Problems You Will Face:
What is the right way to structure a character art with long hair?
How to make the back hair follow head Movements and Tilts?
How to attach back hair to a turning head?
Although each of those questions may cause serious brain wrecking to one that deals with a long hair character for the first time. There are very simple and quick solutions to each of the above issues.
The front hair will be placed in the regular hair area at each of the head views (like in any standard puppet – The standard puppet template with a basic hierarchy and layer names can be found here).
But what about the back hair?
Placing the back hair in any part in the “head” group will result in the back hair hiding the neck. Well, unless you put the head below the body and drag the neck inside it. But that may cause many other rigging issues.
A solution that worked best for me was creating a new “Back-Hair” layer in each of the views. Then creating sublayers corresponding to each of the head views of our puppet.
This is how my structure for long hair puppets looks like:
Back-Hair Layer Structure
Free Example Long Hair Puppet
Free .AI TEMPLATE for Long Hair Puppets
Download a Blank Template for Creating a Long Hair Puppet in Adobe Illustrator and A Long-Hair .Puppet Example:
The issue looks something like this: (*Might look more or less severe, depending on the hairstyle)
How to Fix?
There is a quick solution to this and it lies in the position of the origins for the head views. While the head origin should be placed at the neck area, the origin of each head view should be placed on the top of the head. (The area in which the back hair connects to the head)
So what you need to do, is just move up the origin of each head view (frontal, right quarter, left quarter, etc.).
There are two main ways to approach head turns in Adobe Character Animator.
A. Head Turn Behavior
To make our puppet follow head turns recognized by the camera, “head turn” behavior should be added to the head.
But here is what happens when you do that:
How to Fix?
To fix this issue just add the “head turner” behavior to the “back hair” group as well.
B. Triggers for Head Views
You can also make the character turn her head by triggering different head views.
Create a swap set with all the head turns triggers inside. Then trigger each view using keyboard shortcuts or the control panel.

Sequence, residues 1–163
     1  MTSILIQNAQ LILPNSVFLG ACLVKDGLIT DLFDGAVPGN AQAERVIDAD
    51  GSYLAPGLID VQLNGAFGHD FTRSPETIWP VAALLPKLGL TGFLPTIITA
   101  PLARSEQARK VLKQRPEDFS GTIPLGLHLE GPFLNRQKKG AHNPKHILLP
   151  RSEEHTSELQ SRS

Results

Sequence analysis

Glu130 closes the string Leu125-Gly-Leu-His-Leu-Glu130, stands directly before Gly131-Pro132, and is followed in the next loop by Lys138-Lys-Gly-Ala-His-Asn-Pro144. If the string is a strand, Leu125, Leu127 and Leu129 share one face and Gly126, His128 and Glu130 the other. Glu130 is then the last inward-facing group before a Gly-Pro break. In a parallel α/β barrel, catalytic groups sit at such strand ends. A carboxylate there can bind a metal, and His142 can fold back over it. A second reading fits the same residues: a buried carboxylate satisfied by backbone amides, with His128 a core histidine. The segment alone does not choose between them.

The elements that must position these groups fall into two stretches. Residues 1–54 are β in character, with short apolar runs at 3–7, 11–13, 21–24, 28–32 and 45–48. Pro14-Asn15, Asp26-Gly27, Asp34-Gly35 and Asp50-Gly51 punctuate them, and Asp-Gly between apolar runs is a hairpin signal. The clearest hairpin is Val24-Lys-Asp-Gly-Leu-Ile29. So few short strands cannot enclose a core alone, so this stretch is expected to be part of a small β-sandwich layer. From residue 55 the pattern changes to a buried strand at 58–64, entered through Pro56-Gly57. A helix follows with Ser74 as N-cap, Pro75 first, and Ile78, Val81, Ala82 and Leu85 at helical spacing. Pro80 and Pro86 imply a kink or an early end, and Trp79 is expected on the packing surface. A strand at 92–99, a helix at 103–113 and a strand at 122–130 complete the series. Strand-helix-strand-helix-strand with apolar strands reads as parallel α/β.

If you do that only for the head views. You will end up with the same problem.
How to Fix?
For the head view triggers to work properly, the corresponding back hair view should be included in each trigger.
All of the fixes should be repeated for the left and right puppet profiles.
Once 3 of the above issues are resolved you should have a puppet with fully functioning long hair. For many artistic styles that can be enough and you can stop here. However, Character Animator has tools that allow you to go a step farther and make the hair movement more realistic.
Adding “Dangle Handles” to hair is a great way to give it more life. To add it, just click on the “Dangle tool” and draw dangle handles where you would want the hair to move. The origin of the hair part you add the dangle tool to is the pivot point.
The problem is that for the dangle tool to work properly it should be applied only to independent objects (The one with a crown next to them). But once we activate independence for our back hair parts, the back hair may again look detached from our head.
How to Fix?
The solution once again lies in the placements of the origins. The origin of each hair view (frontal, right quarter, right profile, etc…) should be moved to match the origin of a corresponding head view. The best practice would be to have the origins of all head views, all back-hair views, and also the origin of the “Back-Hair” group itself be at the same position.
To easily align all the origins you can select all the required views, which will make all the origins visible. Now move them all to the same point.
The movement of the dangle handles themselves can be adjusted by changing the dangle-related parameters (stiffness, damping, and squashiness) at the physics behavior.
Dangle should now function properly on the front view. However, if your puppet has the ability to walk, you might still see odd hair behavior when he/she is walking.
Fixes on Profile Views
1. You might need to add a neck tag to the head. My rig for long hair puppets heads on walk profiles looks like this:
2. The back hair for the walk profiles should be tagged the same:
Now when your puppet has properly rigged long hair you can work on making the eyes more expressive.
Stay tuned for new tutorials.
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